Risk of heparin-induced thrombocytopenia from heparin-bonded vascular prostheses.
Heparin can be bonded to vascular devices to improve their patency. The purpose of this study was to determine if a clinically utilized heparin-bonded Dacron((R)) graft (HBG) places patients at risk for heparin-induced thrombocytopenia (HIT) and its complications. A commercially available HBG was divided into 1 cm long segments, which were incubated in platelet-poor plasma (PPP) for 24 hr at 37 degrees C. Control segments of non-heparin-bonded Dacron graft were similarly treated. After incubation, aliquots of PPP were assayed for heparin content. Additional graft segments were immersed in PPP from HIT-positive patients to determine if the effluent from the HBG led to platelet activation. Heparin was discharged from the HBG (1.82 +/- 0.08 units/cc) but not from the control group (0.00 units/cc, p < 0.05). Platelet aggregation occurred in 85.7% of the plasma samples with leached heparin when mixed with normal donor platelets and plasma containing heparin antiplatelet antibodies (HAAbs). None of the control grafts caused any type of aggregation. HBG may contribute to the development of HAAb that can lead to HIT in previously unaffected patients, and HIT causes a prothrombotic state which counteracts the theoretic advantages of an HBG. Patients receiving an HBG should be made aware of these possibilities.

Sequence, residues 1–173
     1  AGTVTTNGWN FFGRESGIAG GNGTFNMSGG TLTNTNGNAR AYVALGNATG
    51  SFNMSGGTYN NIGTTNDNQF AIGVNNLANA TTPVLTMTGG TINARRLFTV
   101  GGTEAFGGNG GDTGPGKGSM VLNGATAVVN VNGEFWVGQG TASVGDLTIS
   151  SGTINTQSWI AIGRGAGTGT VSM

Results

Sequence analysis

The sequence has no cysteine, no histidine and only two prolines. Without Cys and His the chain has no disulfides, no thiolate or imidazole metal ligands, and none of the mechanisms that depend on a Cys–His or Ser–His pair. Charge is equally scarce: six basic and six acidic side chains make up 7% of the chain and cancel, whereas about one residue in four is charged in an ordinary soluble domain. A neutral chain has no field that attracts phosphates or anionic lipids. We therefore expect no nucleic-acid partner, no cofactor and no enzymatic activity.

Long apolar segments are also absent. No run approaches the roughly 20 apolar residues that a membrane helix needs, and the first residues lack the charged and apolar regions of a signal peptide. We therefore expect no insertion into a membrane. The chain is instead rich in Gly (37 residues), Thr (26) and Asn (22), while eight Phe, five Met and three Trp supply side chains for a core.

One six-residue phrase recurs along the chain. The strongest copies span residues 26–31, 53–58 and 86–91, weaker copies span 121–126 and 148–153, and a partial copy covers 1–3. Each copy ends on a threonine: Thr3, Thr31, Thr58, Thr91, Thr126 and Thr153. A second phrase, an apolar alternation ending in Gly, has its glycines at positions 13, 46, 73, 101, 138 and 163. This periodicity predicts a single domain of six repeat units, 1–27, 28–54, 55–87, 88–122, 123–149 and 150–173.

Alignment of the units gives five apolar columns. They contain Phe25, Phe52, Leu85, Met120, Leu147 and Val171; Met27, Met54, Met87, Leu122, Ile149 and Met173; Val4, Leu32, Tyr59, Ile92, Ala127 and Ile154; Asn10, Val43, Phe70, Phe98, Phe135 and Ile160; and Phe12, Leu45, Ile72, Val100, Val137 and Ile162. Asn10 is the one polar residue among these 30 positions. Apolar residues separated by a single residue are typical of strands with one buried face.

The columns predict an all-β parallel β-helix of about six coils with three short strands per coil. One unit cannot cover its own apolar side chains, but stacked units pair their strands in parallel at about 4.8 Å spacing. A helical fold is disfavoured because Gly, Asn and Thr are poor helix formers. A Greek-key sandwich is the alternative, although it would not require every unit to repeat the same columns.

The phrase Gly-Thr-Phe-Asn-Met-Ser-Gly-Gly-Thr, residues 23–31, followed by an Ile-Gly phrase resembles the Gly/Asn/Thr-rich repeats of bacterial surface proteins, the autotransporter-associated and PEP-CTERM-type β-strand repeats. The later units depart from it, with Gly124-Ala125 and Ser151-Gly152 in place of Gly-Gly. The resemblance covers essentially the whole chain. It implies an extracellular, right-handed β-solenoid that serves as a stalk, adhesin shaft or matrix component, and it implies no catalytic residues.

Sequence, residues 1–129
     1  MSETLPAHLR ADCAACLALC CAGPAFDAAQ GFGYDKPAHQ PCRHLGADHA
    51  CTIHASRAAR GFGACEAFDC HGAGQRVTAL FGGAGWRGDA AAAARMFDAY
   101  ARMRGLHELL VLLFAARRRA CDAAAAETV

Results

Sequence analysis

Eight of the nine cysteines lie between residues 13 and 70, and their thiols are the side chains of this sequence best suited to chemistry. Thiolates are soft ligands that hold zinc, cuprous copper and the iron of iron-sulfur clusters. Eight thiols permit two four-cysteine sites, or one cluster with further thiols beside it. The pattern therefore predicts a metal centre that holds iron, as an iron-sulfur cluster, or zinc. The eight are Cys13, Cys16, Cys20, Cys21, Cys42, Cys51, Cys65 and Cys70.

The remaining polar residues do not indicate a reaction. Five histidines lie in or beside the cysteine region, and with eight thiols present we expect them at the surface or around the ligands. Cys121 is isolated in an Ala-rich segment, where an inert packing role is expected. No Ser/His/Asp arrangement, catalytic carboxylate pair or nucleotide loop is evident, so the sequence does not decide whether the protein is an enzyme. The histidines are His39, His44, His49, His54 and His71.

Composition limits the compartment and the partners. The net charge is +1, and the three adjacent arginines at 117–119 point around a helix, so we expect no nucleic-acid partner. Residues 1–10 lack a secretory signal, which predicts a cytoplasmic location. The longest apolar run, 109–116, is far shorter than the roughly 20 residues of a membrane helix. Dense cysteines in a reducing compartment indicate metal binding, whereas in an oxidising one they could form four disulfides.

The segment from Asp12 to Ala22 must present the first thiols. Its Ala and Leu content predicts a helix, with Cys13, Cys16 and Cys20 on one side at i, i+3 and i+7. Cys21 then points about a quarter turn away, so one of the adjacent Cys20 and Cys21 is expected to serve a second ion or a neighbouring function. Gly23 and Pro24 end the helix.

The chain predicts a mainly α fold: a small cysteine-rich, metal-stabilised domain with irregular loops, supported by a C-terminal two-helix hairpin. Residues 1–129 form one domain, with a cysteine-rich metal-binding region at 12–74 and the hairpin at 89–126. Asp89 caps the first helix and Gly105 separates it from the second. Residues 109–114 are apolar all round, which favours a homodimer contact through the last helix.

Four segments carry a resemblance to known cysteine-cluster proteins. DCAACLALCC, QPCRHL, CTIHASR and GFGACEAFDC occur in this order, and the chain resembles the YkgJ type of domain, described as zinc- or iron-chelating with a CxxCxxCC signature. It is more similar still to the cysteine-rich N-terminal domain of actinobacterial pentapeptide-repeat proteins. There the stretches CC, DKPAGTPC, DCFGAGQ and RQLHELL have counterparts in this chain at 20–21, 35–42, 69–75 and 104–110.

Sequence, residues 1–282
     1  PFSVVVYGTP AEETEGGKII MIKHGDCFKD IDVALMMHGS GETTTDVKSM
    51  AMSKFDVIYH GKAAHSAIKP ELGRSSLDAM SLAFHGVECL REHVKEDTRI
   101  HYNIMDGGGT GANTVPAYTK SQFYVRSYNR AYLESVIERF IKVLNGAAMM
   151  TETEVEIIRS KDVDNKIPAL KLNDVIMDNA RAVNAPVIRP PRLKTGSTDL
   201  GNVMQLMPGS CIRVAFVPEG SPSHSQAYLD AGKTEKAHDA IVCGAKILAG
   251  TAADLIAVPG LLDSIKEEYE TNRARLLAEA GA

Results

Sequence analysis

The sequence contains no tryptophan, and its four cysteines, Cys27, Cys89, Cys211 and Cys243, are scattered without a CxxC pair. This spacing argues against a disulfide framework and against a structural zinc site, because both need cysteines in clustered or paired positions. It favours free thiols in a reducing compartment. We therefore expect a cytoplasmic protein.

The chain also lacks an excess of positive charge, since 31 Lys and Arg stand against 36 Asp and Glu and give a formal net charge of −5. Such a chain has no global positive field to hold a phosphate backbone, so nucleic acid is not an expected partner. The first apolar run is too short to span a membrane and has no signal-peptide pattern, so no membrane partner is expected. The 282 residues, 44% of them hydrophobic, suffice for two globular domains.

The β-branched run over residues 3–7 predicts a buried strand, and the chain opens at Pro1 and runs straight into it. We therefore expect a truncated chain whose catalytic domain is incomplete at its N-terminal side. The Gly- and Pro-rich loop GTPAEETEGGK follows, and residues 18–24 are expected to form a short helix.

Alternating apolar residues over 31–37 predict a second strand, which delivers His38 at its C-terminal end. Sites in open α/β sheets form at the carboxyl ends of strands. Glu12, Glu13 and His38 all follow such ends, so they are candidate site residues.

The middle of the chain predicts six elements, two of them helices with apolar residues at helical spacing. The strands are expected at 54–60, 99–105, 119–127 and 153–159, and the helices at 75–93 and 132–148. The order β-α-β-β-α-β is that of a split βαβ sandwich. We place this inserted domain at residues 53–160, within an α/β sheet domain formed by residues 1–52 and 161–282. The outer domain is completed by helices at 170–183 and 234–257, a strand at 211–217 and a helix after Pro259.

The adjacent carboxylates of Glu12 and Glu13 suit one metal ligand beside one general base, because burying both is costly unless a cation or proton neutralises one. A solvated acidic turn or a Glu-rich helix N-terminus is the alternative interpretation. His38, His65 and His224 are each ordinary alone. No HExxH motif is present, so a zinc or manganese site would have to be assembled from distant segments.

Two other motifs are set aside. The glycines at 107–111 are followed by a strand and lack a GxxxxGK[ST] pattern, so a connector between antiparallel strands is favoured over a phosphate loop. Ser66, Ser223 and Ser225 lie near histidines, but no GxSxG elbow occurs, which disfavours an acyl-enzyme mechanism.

Mureebe, L; Graham, JA; Bush, RL; Silver, D
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